Today is the fourth anniversary of the death of John Stewart, the legendary songwriter who inspired me on more levels that I can begin to explain. He left us in 2008 but he’s not gone: his voice, his spirit and his ideas continue. I originally wrote this tribute on what would have been his 72nd birthday; I offer it again today, on his death anniversary, and will keep posting it each year……I’ll never forget this guy, and if even one new person discovers him — well, his music and his vision for America are timeless, and worth sharing. A great singer/songwriter; a great and under-appreciated American; and a good man, gone too soon.


I’ve had a pretty decent run in my life — had my share of adventures, been some places, seen some things — but in all that time, it may well be that the one person I wanted to actually be was John Stewart — I wanted to be him because I wanted to have his gift for discerning something incredibly essential and elemental about human nature, and our country’s nature, and to then be able to pour that understanding into songs that spoke from the heart and reverberated to the depths of my soul. I was a songwriter then, back in the 70’s, when I first came across John — still am, or try to be — and no one before or since has touched me with his music the way John did.

Quick, before you click and wander off somewhere else, give a listen to this fan video of his “Last Campaign Trilogy” — and know that he was on the road in 1968, a crucial part of Bobby Kennedy’s campaign, and he and Buffy were devastated by what happened in June of 1969 as we all were – yet he was able to transform his grief in to something uncannily beautiful, and unique, and right and true.

John’s music occupied a strange crossroads somewhere on the spectrum between folk, and country, and Americana. I eventually found myself singing a dozen or more of his songs — July You’re a Woman, California Bloodlines, Kansas Rain (whose lyrics: “I was standin’ in line at the Bank of America/No one spoke we were in the house of god” have peculiar resonance in the America of 2011, but then John’s songs are like that, timeless and true), The Pirates of Stone County Road, Freeway Pressure, The Last Hurrah, A Man Named Armstrong, Botswana, Lost her in the Sun, Little Road and Stone to Roll, Kansas Rain …. those are just the ones that jump into my midn as I write this, there are more, many more.

The song that got me started with John’s music was simple, no frills tune that I never tired of singing — July You’re A Woman. There are few lines here that give me a jolt of pleasure even now, 39 years since I first heard them in 1972: “I can’t keep my eyes on the white line out before me/When your hand is on my collar and you’re talkin’ in my ear/And I have been around with a gypsy girl named Shannon, daughter of the devil/How strange that I should mention that to you, I havne’t thought of her in years…” There was something both random and inevitable about the way he casually tossed that all together and in doing that, conjured up a resonance that was greater than the sum of its parts and hinted at a life that had seen much, but could delight in the moment of now.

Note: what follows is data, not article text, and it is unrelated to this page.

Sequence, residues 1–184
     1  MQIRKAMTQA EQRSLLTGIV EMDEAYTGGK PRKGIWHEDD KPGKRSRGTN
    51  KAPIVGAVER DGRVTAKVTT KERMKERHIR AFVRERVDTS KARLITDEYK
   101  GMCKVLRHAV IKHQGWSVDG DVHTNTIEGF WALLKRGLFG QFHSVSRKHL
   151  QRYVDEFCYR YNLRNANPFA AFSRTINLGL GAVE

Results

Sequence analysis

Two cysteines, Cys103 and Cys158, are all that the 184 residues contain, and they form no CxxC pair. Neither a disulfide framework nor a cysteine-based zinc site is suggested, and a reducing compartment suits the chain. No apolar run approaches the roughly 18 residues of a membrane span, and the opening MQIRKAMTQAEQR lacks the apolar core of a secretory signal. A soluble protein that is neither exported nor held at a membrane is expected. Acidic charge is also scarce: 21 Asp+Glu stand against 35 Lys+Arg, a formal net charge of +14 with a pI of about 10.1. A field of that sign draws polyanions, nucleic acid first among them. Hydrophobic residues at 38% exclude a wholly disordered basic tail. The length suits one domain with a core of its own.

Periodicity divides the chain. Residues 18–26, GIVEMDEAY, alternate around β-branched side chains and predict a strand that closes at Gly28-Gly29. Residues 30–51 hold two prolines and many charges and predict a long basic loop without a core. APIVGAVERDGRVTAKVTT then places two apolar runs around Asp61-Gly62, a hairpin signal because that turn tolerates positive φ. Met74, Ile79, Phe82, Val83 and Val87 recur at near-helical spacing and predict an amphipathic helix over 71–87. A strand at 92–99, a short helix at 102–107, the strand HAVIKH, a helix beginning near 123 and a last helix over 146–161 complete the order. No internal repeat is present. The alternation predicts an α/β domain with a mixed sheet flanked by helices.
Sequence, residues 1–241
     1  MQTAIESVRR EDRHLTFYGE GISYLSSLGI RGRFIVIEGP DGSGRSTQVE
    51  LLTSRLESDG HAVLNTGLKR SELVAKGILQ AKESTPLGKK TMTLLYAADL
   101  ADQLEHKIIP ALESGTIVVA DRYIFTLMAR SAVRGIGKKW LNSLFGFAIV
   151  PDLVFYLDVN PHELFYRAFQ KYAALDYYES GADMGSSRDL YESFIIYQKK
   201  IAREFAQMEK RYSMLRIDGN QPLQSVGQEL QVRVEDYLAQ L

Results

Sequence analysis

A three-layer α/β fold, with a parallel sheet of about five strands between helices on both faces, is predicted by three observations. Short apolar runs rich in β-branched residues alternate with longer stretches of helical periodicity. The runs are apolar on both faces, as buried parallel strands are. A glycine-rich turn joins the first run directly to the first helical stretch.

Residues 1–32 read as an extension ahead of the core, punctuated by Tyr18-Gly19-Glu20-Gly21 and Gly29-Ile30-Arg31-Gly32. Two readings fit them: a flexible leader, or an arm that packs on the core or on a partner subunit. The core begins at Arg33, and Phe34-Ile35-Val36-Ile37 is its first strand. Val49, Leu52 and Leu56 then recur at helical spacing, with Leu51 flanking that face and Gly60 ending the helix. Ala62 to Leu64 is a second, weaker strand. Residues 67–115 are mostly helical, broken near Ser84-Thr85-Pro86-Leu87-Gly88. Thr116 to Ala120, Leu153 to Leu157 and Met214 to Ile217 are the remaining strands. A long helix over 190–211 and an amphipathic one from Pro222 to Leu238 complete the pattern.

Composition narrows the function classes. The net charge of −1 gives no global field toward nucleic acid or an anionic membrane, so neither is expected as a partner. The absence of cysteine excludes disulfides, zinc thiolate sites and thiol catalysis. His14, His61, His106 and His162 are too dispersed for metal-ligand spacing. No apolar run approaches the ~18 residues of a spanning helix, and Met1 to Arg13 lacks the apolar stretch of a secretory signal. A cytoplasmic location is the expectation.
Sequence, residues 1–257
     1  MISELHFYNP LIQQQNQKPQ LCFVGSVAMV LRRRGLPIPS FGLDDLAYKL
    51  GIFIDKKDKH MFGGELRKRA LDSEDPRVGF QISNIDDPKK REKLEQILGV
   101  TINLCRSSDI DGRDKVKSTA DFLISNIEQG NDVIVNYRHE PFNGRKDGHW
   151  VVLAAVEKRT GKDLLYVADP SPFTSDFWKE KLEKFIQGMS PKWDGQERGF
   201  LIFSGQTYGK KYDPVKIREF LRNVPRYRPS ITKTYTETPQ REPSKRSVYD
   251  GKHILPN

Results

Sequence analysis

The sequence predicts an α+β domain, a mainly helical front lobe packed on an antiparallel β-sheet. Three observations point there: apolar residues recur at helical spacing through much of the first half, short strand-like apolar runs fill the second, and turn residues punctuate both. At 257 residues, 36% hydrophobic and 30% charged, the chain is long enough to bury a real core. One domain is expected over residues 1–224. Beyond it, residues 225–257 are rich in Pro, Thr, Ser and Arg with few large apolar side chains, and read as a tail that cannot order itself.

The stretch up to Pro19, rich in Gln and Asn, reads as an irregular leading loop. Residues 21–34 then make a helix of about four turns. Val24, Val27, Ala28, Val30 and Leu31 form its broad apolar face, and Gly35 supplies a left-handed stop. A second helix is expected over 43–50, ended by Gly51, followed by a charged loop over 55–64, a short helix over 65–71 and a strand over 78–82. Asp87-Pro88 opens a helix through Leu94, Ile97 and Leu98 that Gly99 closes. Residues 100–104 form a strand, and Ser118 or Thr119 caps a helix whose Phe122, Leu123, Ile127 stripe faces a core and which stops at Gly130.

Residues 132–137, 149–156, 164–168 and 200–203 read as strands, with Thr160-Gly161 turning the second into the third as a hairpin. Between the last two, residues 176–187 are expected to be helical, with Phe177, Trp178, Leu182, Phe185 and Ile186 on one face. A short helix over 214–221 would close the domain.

Here’s a fan video of John performing one of his most evocative small town America classics — The Pirates of Stone County Road. Having grown up much of my childhood in small town Alabama, this one spoke to me very clearly……

Reprinted from

My favorite — Survivors. As John says in his introduction in 2007 for this song written in the mid 70’s — it’s a song that never grows old — “fortunately…and unfortunately”. When I first heard it, the “outlaws in office” were one batch; there have been quite a few batches since then. But the song’s not about them, in fact it’s about how our country survives because of the heart of its people, not its politicans, and it delivers this message in a way that only John could write, and sing. This was possibly my favorite of all his songs. I feel like it digs deep into the soil of the American experience and extracts from it something meaningful that reaches across the many decades since it was written and tells us something about ourselves — and asks questions as well. “Just keep on plugging you old 9 to 5, you are the heartbeat the keeps us alive.”

Finally, there was a song that in some way stood tall above all the others — one that I could never sing because it’s a “talkin'” song and I just can’t quite pull the attitude off right to get that done — but I love the song. Here is a fan video of John singing “Mother Country” from his Phoenix Concert album in 1974:

I’d like to write some more — make some more sense of all this — but it’s time to pull out my dusty Martin and make some music. John Stewart died too young, but he he had a helluva a journey and said some things that mattered along the way, leaving us with a legacy of songs and ideas that won’t be forgotten.

RIP John, and God Bless You, Buffy.